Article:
Pesach Shabbat: Unleavened Bread

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The feast of Unleavened Bread is one of the appointed times God instructed the Israelites to observe. He commanded this time to be a commemoration of their redemption from slavery in Egypt. What value does this time have for those of us who have been grafted into Israel through belief in Yeshua (Jesus)?

After God instructs Moses that He is going to make a covenant with the people in Exodus 33, God reiterates the commandment regarding observing the Passover: “You shall observe the Feast of Unleavened Bread. For seven days you are to eat unleavened bread, as I commanded you, at the appointed time in the month of Abib, for in the month of Abib you came out of Egypt” (Exodus 34:18). The month of Abib is today called Nisan according to the Hebrew calendar. Only a few of the months are named directly in Scripture, but rather most are called by the month number, for example Abib is also referred to as simply “the first month” (Exodus 12:18).

What is the difference between the times of Passover and Unleavened Bread? Technically Passover is the evening which initiates the time of Unleavened Bread, but in modern usage the entire seven-day period is often referred to as Passover as well. The first evening is called Passover because it was the night when God passed over the people of Israel but struck down the firstborn of Egypt (Exodus 12:23). The seven-day period is called Unleavened Bread because the people of Israel were commanded, as we saw in the verse above, to eat no leaven during this period (Exodus 13:6-7).

In preparation for the time of Unleavened Bread, since no leaven is to be found within the houses of the Israelites, families will go through their homes and clean extensively to make sure there are no crumbs or any remnants of leaven which have somehow made their way into the corners and crevices. But what is leaven? No definition is given in Scripture, so it is assumed that those who are reading already know what it is. It must have been known of prior to the exodus, for we see Abraham and Lot both eating unleavened bread (Genesis 18:6, where the word for “cakes” here is ugah, which is a thin wafer, most often in the form of unleavened bread; Genesis 19:3). Some have used this and other contextual clues to assert that Abraham and Lot both celebrated a type or foreshadowing of Unleavened Bread celebration, which is not far-fetched considering we are told that Abraham observed all of God’s commandments and laws (Genesis 26:5).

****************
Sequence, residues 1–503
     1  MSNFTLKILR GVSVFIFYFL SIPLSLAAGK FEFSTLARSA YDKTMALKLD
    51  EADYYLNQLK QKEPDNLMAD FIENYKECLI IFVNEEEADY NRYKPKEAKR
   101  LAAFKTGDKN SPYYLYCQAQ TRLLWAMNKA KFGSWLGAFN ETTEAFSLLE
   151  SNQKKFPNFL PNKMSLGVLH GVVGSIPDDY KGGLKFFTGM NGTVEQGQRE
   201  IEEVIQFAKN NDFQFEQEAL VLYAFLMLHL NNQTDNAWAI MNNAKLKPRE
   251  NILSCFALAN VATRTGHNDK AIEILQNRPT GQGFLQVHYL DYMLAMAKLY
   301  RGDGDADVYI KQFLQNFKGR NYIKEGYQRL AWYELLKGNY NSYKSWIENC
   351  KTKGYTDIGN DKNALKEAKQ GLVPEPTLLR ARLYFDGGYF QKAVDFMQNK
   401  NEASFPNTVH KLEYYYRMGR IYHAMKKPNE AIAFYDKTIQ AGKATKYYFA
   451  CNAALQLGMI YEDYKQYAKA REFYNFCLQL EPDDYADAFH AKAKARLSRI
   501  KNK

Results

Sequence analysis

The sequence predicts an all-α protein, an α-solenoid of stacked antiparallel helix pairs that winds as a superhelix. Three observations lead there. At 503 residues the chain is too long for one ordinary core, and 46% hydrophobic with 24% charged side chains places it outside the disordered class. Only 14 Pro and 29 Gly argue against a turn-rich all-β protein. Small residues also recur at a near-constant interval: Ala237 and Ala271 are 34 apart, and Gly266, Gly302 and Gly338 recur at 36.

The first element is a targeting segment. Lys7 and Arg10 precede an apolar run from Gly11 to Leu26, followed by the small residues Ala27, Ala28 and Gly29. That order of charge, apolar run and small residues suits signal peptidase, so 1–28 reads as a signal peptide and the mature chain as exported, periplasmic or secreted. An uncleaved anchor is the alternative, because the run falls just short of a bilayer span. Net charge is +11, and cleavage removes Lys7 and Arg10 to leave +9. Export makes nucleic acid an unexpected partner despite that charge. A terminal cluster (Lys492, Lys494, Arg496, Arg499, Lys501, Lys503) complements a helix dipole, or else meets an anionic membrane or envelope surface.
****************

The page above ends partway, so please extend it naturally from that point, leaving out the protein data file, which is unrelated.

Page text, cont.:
But what exactly separates unleavened bread from leavened bread? We see in Exodus 12:39: “They baked the dough which they had brought out of Egypt into cakes of unleavened bread. For it had not become leavened, since they were driven out of Egypt and could not delay, nor had they prepared any provisions for themselves.” While some therefore interpret leaven to mean yeast, the truth is that it is more than that. According to the verse above, unleavened bread is bread that has not risen. While yeast makes flour rise quicker, the same rising effect can be obtained when grain comes into contact with water. Since steeping in water is part of the process of turning grain into a usable product, all grain is thus treated as leaven. Five types of grain were identified by the Jewish sages as rising in this way: wheat, spelt, barley, oats, and rye. Any food made with these types of grain is considered unfit for possession or consumption during the time of Unleavened Bread.

So what does this all mean for believers? Does the feast of Unleavened Bread have anything to teach us? Well, as Paul tells us, “Therefore let no one pass judgment on you in questions of food and drink, or with regard to a festival or a new moon or a Sabbath. These are a shadow of the things to come, but the substance belongs to Christ.” The festivals are a shadow, a reflection, of our Messiah Yeshua (Jesus Christ). In Him they reach their ultimate fulfillment. Does this mean they should not be celebrated? If the feasts are a way in which we can experience Yeshua, should we disdain these times and judge those who wish to observe them?

Leaven represents several things in Scripture, some positive such as the Kingdom of God (Matthew 13:33), and others negative such as sin and hypocrisy/pride (Mark 8:15, Luke 12:1). Just as the people are to clean out their houses in preparation for Unleavened Bread, so too it is a good time for us to closely examine our life and clean out any leaven which we find by repenting and turning from our sin. While this is something which should be done on a regular, even daily basis, the time of Unleavened Bread is a special period which God set aside at creation in order to be a reminder and a time where this was to be emphasized (Genesis 1:14).

The question remains: is it our place as believers to join with the Israelites in this celebration of redemption? Even those who are not descended from the Israelites who came up out of slavery in Egypt can rejoice in our own redemption from slavery to sin (Romans 6:18, Colossians 1:13-14). Since we are “grafted in” to Israel by putting our faith in their Messiah (Romans 11:13-24), we also have been blessed with the opportunity to come alongside them and rejoice with them. As Paul tells us, “Clean out the old leaven so that you may be a new lump, just as you are in fact unleavened. For Christ our Passover also has been sacrificed. Therefore let us celebrate the feast, not with old leaven, nor with the leaven of malice and wickedness, but with the unleavened bread of sincerity and truth” (1 Corinthians 5:7-8).

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